In a decision with important implications for all New Jersey employers, the New Jersey Supreme Court released its decision on Wednesday in Aguas v. State of New Jersey, expressly adopting the well-known “Faragher-Ellerth defense” for hostile work environment claims brought under the Law Against Discrimination (“LAD”). As established by the U.S. Supreme Court, the Faragher-Ellerth defense provides that an employer cannot be held vicariously liable for a supervisors hostile work environment sexual harassment where: (i) it exercised reasonable care to prevent and promptly correct any harassing behavior; and (ii) the employee unreasonably failed to take advantage of any preventative or corrective opportunities provided by the employer to avoid harm otherwise.
Although opinions differ on whether this ruling constitutes a sea change for employers (prior case law intimated that the Faragher-Ellerth defense applied to LAD claims), the Court in Aguas has now confirmed the availability of the defense in LAD claims. An employer in a hostile work environment case can assert as an affirmative defense that it “exercised reasonable care to prevent and correct promptly any sexually harassing behavior,” and “the plaintiff employee unreasonably failed to take advantage of any preventive or corrective opportunities provided by the employer or to avoid harm otherwise,” provided, however, that the employer has not taken a tangible adverse employment action against the plaintiff employee.
While embracing the U.S. Supreme Court’s Faragher-Ellerth standard, the Court decided to buck them on the definition of a supervisor—a term undefined by the LAD. The Court expressly rejected the standard set forth in Vance v. Ball State University, 133 S. Ct. 2434, 2443 (2013) and instead adopted a more expansive definition of supervisor—that urged by the Equal Employment Opportunity Commission—that includes not only employees granted the authority to make tangible employment decisions, but also those placed in charge of the employee’s daily work activities.
Although Plaintiff verbally complained about harassment from her supervisor, she failed to strictly follow the employer’s complaint procedures—procedures she had used in the past. Notwithstanding, the employer undertook an investigation of her allegations, concluded no harassment had occurred, and later asserted an affirmative defense to bar Plaintiff’s claims, because it took “prompt and remedial action” once it learned of Plaintiff’s claims and that she had failed to avail herself of its well-established complaint procedure—the “Faragher-Ellerth defense.”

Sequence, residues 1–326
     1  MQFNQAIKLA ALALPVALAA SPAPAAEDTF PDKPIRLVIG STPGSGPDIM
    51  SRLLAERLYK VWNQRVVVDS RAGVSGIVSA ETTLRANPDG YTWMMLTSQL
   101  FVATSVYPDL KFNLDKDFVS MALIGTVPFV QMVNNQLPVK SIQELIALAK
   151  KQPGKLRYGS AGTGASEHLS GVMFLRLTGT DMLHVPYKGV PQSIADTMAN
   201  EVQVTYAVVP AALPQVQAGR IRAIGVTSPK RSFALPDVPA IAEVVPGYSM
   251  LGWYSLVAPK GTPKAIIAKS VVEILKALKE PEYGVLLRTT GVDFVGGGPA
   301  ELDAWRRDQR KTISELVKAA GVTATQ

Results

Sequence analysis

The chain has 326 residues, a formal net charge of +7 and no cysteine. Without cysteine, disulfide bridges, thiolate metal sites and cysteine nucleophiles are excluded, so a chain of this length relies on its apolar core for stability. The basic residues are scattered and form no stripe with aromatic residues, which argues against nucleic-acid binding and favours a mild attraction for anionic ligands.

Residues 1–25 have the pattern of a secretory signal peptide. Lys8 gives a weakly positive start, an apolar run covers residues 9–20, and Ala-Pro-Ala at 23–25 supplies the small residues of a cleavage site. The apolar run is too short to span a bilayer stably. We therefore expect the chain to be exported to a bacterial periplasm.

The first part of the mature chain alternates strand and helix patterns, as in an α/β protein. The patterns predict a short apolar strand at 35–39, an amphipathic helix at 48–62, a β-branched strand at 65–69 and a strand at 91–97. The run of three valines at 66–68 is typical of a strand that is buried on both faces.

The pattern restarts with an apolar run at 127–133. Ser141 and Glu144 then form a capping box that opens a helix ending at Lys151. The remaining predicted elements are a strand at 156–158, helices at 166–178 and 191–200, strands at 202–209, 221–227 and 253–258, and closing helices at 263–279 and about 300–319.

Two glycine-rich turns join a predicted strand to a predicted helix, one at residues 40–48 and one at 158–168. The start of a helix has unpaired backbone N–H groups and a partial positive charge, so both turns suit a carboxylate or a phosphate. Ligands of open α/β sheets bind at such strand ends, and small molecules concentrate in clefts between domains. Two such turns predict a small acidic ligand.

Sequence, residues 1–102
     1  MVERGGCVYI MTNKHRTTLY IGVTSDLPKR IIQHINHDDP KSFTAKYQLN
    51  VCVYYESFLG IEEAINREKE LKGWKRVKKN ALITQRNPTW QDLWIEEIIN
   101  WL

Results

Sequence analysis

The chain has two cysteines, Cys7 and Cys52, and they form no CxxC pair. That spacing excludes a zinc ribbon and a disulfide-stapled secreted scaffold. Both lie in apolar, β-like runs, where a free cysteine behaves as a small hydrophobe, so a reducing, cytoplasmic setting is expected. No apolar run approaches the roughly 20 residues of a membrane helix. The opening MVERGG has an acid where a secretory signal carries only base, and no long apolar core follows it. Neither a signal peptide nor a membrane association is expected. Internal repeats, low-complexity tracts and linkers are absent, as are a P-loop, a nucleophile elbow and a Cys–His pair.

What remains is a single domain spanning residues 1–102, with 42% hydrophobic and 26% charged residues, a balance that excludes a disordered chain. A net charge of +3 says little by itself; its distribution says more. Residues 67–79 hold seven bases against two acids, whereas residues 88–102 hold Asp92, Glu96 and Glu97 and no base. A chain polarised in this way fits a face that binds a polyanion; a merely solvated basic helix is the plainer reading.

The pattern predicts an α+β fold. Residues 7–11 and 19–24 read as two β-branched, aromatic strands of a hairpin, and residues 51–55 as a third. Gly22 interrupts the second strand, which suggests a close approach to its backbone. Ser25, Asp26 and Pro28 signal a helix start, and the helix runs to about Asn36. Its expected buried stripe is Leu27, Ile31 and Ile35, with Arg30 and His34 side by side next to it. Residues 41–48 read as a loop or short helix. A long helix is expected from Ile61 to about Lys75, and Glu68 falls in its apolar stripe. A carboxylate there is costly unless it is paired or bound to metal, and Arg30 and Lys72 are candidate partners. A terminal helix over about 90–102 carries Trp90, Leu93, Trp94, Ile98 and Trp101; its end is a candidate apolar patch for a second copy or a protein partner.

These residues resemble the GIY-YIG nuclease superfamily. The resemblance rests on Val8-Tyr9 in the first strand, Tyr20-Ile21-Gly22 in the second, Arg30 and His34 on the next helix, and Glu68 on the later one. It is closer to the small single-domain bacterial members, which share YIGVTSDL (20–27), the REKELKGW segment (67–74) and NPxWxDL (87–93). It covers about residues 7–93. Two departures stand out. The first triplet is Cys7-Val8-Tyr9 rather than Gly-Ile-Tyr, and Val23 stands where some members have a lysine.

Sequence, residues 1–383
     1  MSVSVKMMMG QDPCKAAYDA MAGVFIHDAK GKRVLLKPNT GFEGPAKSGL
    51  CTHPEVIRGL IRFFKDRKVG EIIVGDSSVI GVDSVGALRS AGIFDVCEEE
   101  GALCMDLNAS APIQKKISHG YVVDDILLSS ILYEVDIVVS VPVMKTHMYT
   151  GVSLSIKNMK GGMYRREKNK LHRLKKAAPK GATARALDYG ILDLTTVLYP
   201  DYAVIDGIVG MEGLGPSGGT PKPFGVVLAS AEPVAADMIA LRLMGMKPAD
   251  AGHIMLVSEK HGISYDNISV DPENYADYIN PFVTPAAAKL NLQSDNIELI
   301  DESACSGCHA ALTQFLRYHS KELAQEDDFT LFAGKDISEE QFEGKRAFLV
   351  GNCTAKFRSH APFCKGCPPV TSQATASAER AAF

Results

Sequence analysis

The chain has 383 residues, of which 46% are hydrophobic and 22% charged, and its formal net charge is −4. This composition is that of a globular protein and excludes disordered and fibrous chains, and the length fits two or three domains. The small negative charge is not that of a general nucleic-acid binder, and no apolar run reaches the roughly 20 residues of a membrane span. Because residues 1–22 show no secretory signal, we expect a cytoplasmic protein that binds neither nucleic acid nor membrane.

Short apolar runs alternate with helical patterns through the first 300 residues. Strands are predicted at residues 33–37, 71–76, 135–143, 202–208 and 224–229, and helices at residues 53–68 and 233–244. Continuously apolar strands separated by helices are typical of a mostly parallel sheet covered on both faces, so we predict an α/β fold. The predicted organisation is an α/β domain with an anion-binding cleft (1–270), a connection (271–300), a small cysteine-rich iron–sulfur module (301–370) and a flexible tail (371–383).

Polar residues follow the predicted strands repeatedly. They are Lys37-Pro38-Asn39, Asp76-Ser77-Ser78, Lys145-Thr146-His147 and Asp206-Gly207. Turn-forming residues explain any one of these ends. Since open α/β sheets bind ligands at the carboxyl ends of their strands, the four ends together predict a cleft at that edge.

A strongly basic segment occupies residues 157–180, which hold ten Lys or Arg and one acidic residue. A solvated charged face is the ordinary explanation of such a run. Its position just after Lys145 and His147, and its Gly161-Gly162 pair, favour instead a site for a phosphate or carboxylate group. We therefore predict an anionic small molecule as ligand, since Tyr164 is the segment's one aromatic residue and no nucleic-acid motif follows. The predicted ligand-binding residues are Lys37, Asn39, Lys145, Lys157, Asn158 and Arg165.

Applicability of Faragher-Ellerth
In deciding to expressly adopt the Faragher-Ellerth defense, the Court provided an in depth review of its prior decisions in this area, as well as the federal precedent governing Title VII. The Court concurred with the U.S. Supreme Court that the Faragher-Ellerth defense “provides a fair and practical framework for supervisor sexual harassment cases,” and further noted that it was not giving a “free pass” to employers as the defense may not be asserted when the supervisor’s harassment culminates in a tangible employment action (e.g. termination) or when the employer’s sexual harassment policy fails to provide meaningful and effective policies and procedures for employees to use in response to harassment. In short, the defense motivates employers and employees alike to accomplish the paramount objective of the LAD—the prevention of sexual harassment.
Definition of Supervisor
After noting that neither the LAD nor the Court’s prior case law clearly defined a “supervisor”, the Court reviewed the definition espoused by the EEOC, as well as that of the U.S. Supreme Court in Vance v. Ball State University. The EEOC’s broader definition includes as supervisors “not only employees granted the authority to make tangible employment decisions, but also those placed in charge of the complainant’s daily work activities.” Conversely, the Supreme Court in Vance adopted a narrower view under which an employee is a “supervisor” for purposes of vicarious liability under Title VII only if he is empowered by the employer to take or recommend tangible employment actions against the victim, i.e., effect a “significant change in employment status, such as hiring, firing, failing to promote, reassignment with significantly different responsibilities, or a decision causing a significant change in benefits.”
The Court adopted the more expansive EEOC definition because it “furthers the paramount goal of the LAD: the eradication of sexual harassment in the workplace” by forcing employers to focus their attention on all employees granted the authority to direct day-to-day responsibilities of subordinates, not just “on an elite group of decision-makers at the pinnacle of the organization.”
What this Means for New Jersey Employers
Aguas is a “must read” for employers with operations in New Jersey. By recognizing the Faragher-Ellerth defense, the Court has empowered New Jersey employers to not only eliminate harassment in the workplace, but also better manage their exposure should it occur. To this end, employers should review their anti-harassment policies and procedures to ensure that they provide a meaningful and effective means for employees to report harassment, and for the employer to take prompt remedial measures. Making sure that employees are aware of these policies—whether through annual distribution and/or workplace training—is equally important. Employers should continue to thoroughly and promptly investigate any harassment, discrimination, or retaliation claims to avoid any allegations of failing to take appropriate action to address offending conduct.
Given the new expansive definition a “supervisor”, employers should also review and, if need be, revise job descriptions and performance expectations of employees in supervisory positions.